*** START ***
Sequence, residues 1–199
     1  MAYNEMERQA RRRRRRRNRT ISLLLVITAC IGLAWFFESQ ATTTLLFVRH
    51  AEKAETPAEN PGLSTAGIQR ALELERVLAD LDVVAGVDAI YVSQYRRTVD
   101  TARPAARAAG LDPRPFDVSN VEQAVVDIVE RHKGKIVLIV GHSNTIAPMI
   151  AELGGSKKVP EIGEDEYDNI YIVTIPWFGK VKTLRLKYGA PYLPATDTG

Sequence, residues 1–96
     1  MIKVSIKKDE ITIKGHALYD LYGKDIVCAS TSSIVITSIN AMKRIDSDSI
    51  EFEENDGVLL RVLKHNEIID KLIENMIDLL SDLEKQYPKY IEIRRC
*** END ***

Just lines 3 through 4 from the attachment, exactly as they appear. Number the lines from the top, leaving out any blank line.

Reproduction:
    51  AEKAETPAEN PGLSTAGIQR ALELERVLAD LDVVAGVDAI YVSQYRRTVD
   101  TARPAARAAG LDPRPFDVSN VEQAVVDIVE RHKGKIVLIV GHSNTIAPMI